Warehouse district revamp mooted for Dunedin

Revitalising Dunedin's warehouse district and the removal of the one-way system south of Queens Gardens are the major talking points of a proposed development plan for the central city.

A report on the central city from consultant Urbanism Plus will be discussed by the Dunedin City Council's planning and environment committee today.

Last year, the committee approved the start of the new central city plan, with the consultants' report expected to form the basis of the council's long-term plan for revitalising the area.

Major initiatives include: an upgrade of the Octagon, investigating the removal of State Highway 1 from Crawford St, making Cumberland St two-way, and improvements to Queens Gardens and the historic warehouse area.

No cost for the work has been provided, but "a large number of these actions do not require large amounts of capital or operational spending", the report notes.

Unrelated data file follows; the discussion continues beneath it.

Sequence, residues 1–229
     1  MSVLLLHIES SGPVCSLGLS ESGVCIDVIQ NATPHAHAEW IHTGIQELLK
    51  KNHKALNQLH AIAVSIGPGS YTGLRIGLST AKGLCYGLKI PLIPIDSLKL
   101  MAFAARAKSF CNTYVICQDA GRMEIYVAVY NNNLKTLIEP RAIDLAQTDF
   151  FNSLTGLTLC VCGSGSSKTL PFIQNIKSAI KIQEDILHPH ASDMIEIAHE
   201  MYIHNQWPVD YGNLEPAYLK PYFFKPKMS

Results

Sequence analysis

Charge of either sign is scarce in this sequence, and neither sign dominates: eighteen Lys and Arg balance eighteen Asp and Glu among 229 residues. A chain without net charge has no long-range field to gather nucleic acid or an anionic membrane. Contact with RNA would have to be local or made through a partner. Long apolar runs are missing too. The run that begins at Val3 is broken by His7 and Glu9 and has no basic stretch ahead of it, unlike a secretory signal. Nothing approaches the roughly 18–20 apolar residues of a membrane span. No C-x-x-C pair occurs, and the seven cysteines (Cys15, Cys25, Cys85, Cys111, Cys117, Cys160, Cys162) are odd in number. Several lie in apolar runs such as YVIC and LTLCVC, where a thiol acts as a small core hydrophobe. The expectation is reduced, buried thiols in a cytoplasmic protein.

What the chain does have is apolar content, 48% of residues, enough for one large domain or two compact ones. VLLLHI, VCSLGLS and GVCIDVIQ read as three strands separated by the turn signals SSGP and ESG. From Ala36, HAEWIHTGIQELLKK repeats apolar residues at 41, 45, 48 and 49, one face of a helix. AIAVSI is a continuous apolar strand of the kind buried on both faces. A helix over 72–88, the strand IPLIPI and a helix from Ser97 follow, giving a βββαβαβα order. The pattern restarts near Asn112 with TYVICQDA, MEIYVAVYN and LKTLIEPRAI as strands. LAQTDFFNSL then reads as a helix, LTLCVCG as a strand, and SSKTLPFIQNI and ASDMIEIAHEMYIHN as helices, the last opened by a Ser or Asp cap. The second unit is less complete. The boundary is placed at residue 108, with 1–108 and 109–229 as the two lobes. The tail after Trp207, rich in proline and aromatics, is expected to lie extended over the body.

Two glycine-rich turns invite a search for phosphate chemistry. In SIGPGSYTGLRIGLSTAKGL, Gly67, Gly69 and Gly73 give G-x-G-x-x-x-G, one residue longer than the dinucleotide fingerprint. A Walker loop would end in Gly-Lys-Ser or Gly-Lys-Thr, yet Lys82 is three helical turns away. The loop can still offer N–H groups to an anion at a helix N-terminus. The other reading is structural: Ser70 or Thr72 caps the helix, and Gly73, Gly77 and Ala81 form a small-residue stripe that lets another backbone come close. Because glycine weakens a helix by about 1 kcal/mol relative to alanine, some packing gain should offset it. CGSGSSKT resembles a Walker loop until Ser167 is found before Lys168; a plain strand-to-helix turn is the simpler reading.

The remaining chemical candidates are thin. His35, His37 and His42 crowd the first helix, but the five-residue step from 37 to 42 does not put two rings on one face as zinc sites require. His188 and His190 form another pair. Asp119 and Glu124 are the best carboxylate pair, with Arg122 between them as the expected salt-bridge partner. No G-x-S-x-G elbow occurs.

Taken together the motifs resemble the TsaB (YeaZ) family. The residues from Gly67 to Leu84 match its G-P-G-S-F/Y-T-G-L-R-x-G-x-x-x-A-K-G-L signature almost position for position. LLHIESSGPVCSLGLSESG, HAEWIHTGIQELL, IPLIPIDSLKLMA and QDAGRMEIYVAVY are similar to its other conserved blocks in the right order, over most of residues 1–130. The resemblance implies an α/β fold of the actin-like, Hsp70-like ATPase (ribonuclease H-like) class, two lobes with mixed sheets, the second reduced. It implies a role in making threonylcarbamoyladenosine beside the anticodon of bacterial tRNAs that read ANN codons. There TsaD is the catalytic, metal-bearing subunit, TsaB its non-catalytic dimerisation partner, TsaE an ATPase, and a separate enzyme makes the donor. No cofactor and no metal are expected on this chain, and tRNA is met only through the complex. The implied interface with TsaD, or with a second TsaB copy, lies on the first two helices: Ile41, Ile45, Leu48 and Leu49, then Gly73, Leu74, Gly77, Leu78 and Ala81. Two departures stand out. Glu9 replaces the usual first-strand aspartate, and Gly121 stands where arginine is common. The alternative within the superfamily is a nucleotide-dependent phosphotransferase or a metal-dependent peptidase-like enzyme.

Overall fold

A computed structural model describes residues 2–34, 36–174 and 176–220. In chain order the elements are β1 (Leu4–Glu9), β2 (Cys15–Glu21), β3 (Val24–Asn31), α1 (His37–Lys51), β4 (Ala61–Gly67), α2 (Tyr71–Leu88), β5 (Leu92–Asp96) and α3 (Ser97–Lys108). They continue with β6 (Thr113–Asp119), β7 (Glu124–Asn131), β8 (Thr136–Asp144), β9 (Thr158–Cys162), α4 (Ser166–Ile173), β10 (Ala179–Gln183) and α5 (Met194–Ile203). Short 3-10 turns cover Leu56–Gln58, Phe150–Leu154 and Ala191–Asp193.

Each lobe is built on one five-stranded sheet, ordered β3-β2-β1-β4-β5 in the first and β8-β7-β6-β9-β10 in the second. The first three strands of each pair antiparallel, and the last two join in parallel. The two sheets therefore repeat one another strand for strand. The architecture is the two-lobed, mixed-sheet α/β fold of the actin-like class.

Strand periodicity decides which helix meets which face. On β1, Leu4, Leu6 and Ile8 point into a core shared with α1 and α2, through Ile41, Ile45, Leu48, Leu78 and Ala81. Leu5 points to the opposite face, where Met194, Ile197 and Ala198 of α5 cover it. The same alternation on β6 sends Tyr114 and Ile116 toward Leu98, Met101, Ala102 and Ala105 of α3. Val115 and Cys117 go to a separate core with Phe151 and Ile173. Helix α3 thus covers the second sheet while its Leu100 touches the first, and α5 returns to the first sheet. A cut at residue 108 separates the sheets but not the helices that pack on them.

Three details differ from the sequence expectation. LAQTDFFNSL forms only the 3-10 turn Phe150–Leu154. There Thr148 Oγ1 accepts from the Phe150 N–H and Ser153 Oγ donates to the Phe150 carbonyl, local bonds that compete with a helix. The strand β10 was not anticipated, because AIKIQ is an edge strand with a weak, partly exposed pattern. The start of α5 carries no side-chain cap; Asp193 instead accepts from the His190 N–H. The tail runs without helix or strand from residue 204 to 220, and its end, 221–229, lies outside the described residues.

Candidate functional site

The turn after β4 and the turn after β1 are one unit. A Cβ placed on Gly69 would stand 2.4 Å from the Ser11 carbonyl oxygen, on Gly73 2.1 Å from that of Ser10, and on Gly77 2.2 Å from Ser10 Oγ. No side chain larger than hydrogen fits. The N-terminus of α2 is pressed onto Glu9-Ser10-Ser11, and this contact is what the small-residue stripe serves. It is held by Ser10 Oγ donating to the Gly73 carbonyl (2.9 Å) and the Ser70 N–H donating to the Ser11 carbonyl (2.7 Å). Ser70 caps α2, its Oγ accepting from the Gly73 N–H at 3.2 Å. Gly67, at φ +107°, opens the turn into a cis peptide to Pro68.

However, two projects likely to require additional council funding include making Crawford St and Cumberland St two-way, and the Octagon upgrade.

Under the proposal, making Cumberland St two-way south of the Leviathan Hotel would convert the state highway into two lanes in each direction, with Crawford St envisaged as a "calmed" two-way street.

That move would lessen the severance between the Octagon, Queens Gardens and the warehouse district, opening up the latter for a new creative-quarter development.

The report acknowledges many of the city's stock of preserved historic buildings are vacant, underutilised, or threatened by demolition and "for the wellbeing of the centre, these buildings generally deserve revitalisation, supported by public space enhancements".

Due to a move towards inner-city living, the warehouse district would attract residential development with the city's population expected to grow by 10,350 (8%) over the next four decades.

In addition to residential development, the area could serve as a quarter focusing on creative industries.

The plan also proposes "micro" open spaces in George and Princes Sts, improved bus and parking arrangements, small inner city play parks for children, a strategic cycle network, more pedestrian space in the Octagon, and connection between Queens Gardens and the harbour.

The central city plan is expected to guide central city development for the next two decades, and will be consulted as part of the council's long-term plan in March and April.


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